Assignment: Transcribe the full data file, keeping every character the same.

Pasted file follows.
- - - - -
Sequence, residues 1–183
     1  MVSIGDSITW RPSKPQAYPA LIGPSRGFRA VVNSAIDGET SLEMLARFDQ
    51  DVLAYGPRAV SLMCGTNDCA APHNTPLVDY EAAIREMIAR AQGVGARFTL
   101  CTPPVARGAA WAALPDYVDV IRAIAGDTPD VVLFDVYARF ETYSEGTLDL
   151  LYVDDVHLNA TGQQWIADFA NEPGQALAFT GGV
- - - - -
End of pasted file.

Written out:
Sequence, residues 1–183
     1  MVSIGDSITW RPSKPQAYPA LIGPSRGFRA VVNSAIDGET SLEMLARFDQ
    51  DVLAYGPRAV SLMCGTNDCA APHNTPLVDY EAAIREMIAR AQGVGARFTL
   101  CTPPVARGAA WAALPDYVDV IRAIAGDTPD VVLFDVYARF ETYSEGTLDL
   151  LYVDDVHLNA TGQQWIADFA NEPGQALAFT GGV